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From Jack Krupansky <jack.krupan...@gmail.com>
Subject Re: Schema questions for data structures with recently-modified access patterns
Date Wed, 22 Jul 2015 22:19:31 GMT
"No way to query recently-modified documents."

I don't follow why you say that. I mean, that was the point of the data
model suggestion I proposed. Maybe you could clarify.

I also wanted to mention that the new materialized view feature of
Cassandra 3.0 might handle this use case, including taking care of the
delete, automatically.


-- Jack Krupansky

On Tue, Jul 21, 2015 at 12:37 PM, Robert Wille <rwille@fold3.com> wrote:

>  The time series doesn’t provide the access pattern I’m looking for. No
> way to query recently-modified documents.
>
>  On Jul 21, 2015, at 9:13 AM, Carlos Alonso <info@mrcalonso.com> wrote:
>
>  Hi Robert,
>
>  What about modelling it as a time serie?
>
>  CREATE TABLE document (
>   docId UUID,
>   doc TEXT,
>   last_modified TIMESTAMP
>   PRIMARY KEY(docId, last_modified)
> ) WITH CLUSTERING ORDER BY (last_modified DESC);
>
>  This way, you the lastest modification will always be the first record
> in the row, therefore accessing it should be as easy as:
>
>  SELECT * FROM document WHERE docId == <the docId> LIMIT 1;
>
>  And, if you experience diskspace issues due to very long rows, then you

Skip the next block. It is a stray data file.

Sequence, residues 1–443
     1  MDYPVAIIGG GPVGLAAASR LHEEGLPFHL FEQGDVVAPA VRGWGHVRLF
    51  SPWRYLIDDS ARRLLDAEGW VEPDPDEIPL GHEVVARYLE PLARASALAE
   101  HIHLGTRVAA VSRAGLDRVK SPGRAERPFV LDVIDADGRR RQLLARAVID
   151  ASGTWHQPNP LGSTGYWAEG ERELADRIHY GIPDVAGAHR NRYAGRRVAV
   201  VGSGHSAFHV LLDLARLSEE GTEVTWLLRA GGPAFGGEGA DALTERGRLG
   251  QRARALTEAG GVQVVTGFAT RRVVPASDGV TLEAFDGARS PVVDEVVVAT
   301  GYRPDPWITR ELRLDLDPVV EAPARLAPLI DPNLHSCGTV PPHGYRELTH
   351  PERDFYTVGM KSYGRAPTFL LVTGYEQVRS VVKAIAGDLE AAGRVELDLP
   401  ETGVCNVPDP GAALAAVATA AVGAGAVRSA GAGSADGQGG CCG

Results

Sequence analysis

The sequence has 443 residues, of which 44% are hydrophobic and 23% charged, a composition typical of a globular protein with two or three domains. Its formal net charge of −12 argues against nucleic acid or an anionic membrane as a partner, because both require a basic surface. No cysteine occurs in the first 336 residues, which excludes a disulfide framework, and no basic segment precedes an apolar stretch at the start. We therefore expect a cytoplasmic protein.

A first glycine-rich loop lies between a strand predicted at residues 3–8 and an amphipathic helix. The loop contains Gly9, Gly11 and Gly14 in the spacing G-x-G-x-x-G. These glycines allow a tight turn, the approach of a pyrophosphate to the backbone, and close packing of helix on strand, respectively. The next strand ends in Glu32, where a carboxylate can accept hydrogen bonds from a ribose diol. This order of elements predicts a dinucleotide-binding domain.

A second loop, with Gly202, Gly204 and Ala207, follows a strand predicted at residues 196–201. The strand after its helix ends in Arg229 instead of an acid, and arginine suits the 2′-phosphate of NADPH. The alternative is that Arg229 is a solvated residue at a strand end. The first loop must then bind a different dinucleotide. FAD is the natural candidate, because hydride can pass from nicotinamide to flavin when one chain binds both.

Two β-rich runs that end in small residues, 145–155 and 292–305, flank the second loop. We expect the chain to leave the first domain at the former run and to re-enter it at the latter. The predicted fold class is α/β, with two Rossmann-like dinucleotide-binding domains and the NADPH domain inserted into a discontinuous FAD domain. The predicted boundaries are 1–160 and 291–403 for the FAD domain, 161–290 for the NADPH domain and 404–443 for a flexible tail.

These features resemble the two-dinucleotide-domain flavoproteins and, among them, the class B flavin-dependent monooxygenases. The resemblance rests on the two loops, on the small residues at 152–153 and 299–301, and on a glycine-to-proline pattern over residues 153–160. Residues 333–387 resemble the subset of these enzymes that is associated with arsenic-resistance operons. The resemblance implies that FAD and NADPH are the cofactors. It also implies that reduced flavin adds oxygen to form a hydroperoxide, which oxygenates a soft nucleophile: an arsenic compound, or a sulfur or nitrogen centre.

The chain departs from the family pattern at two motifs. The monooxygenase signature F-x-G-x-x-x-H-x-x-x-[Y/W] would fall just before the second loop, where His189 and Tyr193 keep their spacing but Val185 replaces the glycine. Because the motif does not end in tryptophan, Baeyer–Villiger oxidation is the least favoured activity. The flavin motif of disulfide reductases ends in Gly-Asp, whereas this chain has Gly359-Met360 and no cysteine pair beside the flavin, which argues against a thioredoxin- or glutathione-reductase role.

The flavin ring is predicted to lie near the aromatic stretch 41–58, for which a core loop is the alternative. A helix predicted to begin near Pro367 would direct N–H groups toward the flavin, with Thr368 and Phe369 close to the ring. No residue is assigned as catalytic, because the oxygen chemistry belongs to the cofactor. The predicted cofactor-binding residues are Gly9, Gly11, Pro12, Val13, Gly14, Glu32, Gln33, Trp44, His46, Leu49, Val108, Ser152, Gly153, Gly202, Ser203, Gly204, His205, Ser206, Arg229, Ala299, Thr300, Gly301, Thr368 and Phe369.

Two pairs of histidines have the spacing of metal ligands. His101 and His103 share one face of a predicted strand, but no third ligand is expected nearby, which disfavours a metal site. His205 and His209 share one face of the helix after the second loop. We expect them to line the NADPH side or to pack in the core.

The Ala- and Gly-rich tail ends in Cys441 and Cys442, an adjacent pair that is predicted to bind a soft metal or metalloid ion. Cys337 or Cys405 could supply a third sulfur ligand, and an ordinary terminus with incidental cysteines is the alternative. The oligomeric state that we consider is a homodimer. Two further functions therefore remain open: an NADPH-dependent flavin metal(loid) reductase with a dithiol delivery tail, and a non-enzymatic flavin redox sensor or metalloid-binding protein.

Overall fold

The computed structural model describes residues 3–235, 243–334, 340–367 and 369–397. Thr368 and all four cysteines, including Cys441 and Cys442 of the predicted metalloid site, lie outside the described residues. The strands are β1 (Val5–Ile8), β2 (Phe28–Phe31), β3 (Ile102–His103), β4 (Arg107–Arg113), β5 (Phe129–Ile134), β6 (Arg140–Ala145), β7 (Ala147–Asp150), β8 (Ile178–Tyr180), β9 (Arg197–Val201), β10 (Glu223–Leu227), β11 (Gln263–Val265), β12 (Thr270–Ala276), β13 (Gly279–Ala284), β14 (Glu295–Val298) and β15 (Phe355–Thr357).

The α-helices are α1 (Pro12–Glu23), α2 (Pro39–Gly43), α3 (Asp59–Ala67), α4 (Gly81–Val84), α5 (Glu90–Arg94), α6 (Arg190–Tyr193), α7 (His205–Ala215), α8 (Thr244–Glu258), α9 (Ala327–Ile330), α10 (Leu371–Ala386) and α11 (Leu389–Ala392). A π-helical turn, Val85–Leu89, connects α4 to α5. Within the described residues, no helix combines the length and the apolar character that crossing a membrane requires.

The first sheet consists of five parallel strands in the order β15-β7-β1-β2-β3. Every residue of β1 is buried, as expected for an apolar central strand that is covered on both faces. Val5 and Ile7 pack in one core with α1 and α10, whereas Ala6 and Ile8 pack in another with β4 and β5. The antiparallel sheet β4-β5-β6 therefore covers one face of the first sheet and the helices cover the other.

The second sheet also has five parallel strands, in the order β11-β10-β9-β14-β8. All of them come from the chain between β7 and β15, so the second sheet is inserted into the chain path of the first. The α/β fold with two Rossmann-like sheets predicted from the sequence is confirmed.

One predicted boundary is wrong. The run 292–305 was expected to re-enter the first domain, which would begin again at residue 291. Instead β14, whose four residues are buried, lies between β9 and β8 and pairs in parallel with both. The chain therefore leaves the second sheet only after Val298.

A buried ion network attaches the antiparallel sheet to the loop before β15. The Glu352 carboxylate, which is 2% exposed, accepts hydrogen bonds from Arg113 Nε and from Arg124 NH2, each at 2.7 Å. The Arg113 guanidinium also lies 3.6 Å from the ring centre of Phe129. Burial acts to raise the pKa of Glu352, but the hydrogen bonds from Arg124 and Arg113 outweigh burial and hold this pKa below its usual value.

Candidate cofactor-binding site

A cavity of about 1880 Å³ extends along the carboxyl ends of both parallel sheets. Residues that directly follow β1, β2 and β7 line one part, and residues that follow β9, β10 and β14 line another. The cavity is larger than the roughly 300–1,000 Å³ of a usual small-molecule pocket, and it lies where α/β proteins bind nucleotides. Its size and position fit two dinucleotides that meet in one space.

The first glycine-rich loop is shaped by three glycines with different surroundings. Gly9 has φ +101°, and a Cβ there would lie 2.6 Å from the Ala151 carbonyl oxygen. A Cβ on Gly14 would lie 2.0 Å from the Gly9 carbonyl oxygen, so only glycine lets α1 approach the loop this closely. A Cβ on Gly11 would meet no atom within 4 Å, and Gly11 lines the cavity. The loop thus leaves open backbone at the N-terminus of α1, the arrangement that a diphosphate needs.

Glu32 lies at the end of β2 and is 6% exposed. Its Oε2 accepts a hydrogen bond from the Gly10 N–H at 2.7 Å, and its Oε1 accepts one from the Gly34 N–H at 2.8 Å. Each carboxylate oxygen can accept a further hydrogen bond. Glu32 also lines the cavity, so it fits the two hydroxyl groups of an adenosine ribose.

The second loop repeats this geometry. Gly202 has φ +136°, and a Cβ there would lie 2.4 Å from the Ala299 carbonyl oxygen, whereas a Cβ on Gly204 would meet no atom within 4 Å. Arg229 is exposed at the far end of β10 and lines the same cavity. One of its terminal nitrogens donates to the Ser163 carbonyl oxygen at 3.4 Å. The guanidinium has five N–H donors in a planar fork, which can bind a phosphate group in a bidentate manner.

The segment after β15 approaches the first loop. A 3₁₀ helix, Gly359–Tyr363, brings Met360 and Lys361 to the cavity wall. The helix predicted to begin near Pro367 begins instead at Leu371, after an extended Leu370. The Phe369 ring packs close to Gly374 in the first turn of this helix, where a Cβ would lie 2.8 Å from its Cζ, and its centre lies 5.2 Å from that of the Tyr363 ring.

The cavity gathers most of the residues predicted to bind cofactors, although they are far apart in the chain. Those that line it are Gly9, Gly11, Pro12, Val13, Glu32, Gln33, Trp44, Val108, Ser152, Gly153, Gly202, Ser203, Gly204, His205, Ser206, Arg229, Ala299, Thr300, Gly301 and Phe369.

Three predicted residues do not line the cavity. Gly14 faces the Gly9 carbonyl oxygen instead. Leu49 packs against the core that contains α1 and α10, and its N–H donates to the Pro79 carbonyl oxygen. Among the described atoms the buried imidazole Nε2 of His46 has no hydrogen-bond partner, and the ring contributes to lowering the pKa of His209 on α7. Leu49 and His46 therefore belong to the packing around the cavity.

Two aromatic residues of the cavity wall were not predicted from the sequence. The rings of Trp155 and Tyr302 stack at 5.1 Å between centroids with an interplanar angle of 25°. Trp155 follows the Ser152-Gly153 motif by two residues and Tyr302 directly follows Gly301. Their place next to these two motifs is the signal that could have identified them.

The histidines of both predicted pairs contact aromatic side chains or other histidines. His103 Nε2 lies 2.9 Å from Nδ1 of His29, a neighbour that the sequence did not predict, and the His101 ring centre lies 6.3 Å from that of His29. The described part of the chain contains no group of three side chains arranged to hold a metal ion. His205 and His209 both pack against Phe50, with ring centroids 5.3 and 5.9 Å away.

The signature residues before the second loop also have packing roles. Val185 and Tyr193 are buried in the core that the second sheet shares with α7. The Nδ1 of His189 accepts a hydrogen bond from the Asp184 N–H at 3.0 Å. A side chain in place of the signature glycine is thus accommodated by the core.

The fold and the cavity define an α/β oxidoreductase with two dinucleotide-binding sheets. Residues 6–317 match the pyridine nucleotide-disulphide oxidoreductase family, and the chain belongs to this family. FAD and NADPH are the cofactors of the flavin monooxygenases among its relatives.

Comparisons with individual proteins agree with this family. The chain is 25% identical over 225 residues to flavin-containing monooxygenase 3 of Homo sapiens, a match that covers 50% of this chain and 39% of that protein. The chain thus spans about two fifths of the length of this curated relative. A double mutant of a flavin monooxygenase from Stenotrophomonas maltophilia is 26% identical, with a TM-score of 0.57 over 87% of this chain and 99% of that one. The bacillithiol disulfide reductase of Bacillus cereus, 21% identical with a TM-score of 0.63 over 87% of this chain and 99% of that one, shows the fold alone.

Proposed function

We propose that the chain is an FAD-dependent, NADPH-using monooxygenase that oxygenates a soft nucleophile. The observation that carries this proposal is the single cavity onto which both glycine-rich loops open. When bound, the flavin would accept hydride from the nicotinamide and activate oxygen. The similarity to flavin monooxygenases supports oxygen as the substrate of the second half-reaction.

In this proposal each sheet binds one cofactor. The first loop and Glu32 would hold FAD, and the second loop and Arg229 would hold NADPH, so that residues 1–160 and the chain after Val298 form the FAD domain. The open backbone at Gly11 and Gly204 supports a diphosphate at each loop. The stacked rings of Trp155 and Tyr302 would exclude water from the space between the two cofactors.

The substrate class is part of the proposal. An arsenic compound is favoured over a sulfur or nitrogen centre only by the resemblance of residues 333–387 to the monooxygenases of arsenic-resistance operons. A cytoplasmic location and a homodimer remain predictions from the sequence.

> can always expire old ones using TTL or on a batch job. Tombstones will
> never be a problem in this case as, due to the specified clustering order,
> the latest modification will always be first record in the row.
>
>  Hope it helps.
>
>  Carlos Alonso | Software Engineer | @calonso
> <https://twitter.com/calonso>
>
> On 21 July 2015 at 05:59, Robert Wille <rwille@fold3.com> wrote:
>
>> Data structures that have a recently-modified access pattern seem to be a
>> poor fit for Cassandra. I’m wondering if any of you smart guys can provide
>> suggestions.
>>
>> For the sake of discussion, lets assume I have the following tables:
>>
>> CREATE TABLE document (
>>         docId UUID,
>>         doc TEXT,
>>         last_modified TIMEUUID,
>>         PRIMARY KEY ((docid))
>> )
>>
>> CREATE TABLE doc_by_last_modified (
>>         date TEXT,
>>         last_modified TIMEUUID,
>>         docId UUID,
>>         PRIMARY KEY ((date), last_modified)
>> )
>>
>> When I update a document, I retrieve its last_modified time, delete the
>> current record from doc_by_last_modified, and add a new one. Unfortunately,
>> if you’d like each document to appear at most once in the
>> doc_by_last_modified table, then this doesn’t work so well.
>>
>> Documents can get into the doc_by_last_modified table multiple times if
>> there is concurrent access, or if there is a consistency issue.
>>
>> Any thoughts out there on how to efficiently provide recently-modified
>> access to a table? This problem exists for many types of data structures,
>> not just recently-modified. Any ordered data structure that can be
>> dynamically reordered suffers from the same problems. As I’ve been doing
>> schema design, this pattern keeps recurring. A nice way to address this
>> problem has lots of applications.
>>
>> Thanks in advance for your thoughts
>>
>> Robert
>>
>>
>
>

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